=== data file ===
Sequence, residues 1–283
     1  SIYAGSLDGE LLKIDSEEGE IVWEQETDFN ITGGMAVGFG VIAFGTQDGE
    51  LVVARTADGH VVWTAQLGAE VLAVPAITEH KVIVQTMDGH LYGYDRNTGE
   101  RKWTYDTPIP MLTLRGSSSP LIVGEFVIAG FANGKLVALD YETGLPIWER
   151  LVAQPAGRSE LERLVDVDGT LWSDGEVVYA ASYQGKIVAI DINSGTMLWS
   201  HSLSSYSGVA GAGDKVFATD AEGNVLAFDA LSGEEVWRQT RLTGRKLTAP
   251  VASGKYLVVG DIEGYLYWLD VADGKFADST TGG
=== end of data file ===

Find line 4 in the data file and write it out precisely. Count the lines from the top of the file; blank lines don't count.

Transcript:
   101  RKWTYDTPIP MLTLRGSSSP LIVGEFVIAG FANGKLVALD YETGLPIWER